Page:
Amos Aikman The Australian September 10, 2012
A second remote Northern Territory community has called for the government to leave town after the commonwealth failed to negotiate long-term leases before those imposed under the Howard government expired.
Residents of Ampilatwatja, about 325km northeast of Alice Springs, say they have asked the federal government to either hand over its assets to the local community development organisation or have them removed.
The move comes after traditional owners declined to accept Canberra's offer of a 40-year lease over community housing in return for refurbishments.
Richard Downs, a local leader and spokesman, said the offer was unfair, and that the community was angry at paternalistic treatment over the past five years. He said the community wanted to resume control over its own affairs.
Last month, The Australian revealed the five-year leases compulsorily acquired over 64 remote communities - part of the Howard government's Northern Territory emergency response to reports of child abuse and other problems - had expired.
All assets not protected by new agreements have passed into the hands of traditional owners, and governments' ability to access 25 of those communities to provide services, conduct maintenance and monitor rent collection is now protected only by "gentlemen's agreements" and an untested invocation of Northern Territory law.
Lawyers acting for Amoonguna, a community on the outskirts of Alice Springs, have already threatened to bring trespass proceedings if Territory government employees did not pack up and leave. The MacDonnell Shire has so far refused to comply.
Mr Downs said the community had told federal bureaucrats at a meeting last month that it wanted the government business manager's complex and two demountables handed over or removed, and had asked the Central Land Council to follow up in writing.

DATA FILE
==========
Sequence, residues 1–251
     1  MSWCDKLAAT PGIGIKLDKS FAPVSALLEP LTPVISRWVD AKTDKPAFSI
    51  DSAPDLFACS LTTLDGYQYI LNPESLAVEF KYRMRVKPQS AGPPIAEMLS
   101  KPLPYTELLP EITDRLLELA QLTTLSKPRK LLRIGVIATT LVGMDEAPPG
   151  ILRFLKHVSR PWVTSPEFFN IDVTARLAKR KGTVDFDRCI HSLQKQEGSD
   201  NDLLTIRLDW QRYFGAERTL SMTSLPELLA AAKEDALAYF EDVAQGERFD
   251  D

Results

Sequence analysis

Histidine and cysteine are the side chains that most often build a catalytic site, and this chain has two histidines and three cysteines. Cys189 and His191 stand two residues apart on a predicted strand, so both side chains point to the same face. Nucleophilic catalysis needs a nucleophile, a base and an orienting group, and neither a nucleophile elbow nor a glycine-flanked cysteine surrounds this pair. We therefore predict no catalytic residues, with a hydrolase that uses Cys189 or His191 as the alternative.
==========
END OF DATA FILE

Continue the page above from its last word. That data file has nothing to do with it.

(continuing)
"We just want the commonwealth out of town," he said.
He said Ampilatwatja would try to work with the new Country Liberal Party government that swept Labor out of power in the Territory last month.
A spokeswoman for federal Indigenous Affairs Minister Jenny Macklin denied the lease offer had been formally rejected by Ampilatwatja.
"The commonwealth has received written confirmation from the Central Land Council that traditional owners are interested in continuing negotiations for leases over public housing," she said.
However, James Hampton, chief executive of Aboriginal corporation Alyawarr Ingkerr-wenh, said she was mistaken.
Under the Howard government's vision, the 64 communities would migrate to longer township leases to foster private investment and create much-needed jobs.
Only six such township leases have so far been signed, while the Labor government has negotiated 40-year leases over smaller blocks of housing in 34 communities.
Ruby Jones ABC News 12 September 2012
The Federal Government says it is not aware that the remote Central Australian community of Ampilatwatja has rejected a Commonwealth lease over their land.
Jim Hampson from the community's Aboriginal corporation says residents are not going to sign the lease because there has not been enough offered in return.
But a spokesperson for the Indigenous Affairs Minister Jenny Macklin says the offer has not been formally rejected.
Mr Hampson says traditional owners will negotiate with the Northern Territory and Commonwealth governments about the future of service delivery.
"The community has seen that this is an opportunity to negotiate with government on how services can be improved," he said.
"So at the moment we are just discussing with the minister and his department on services and how those services can be improved."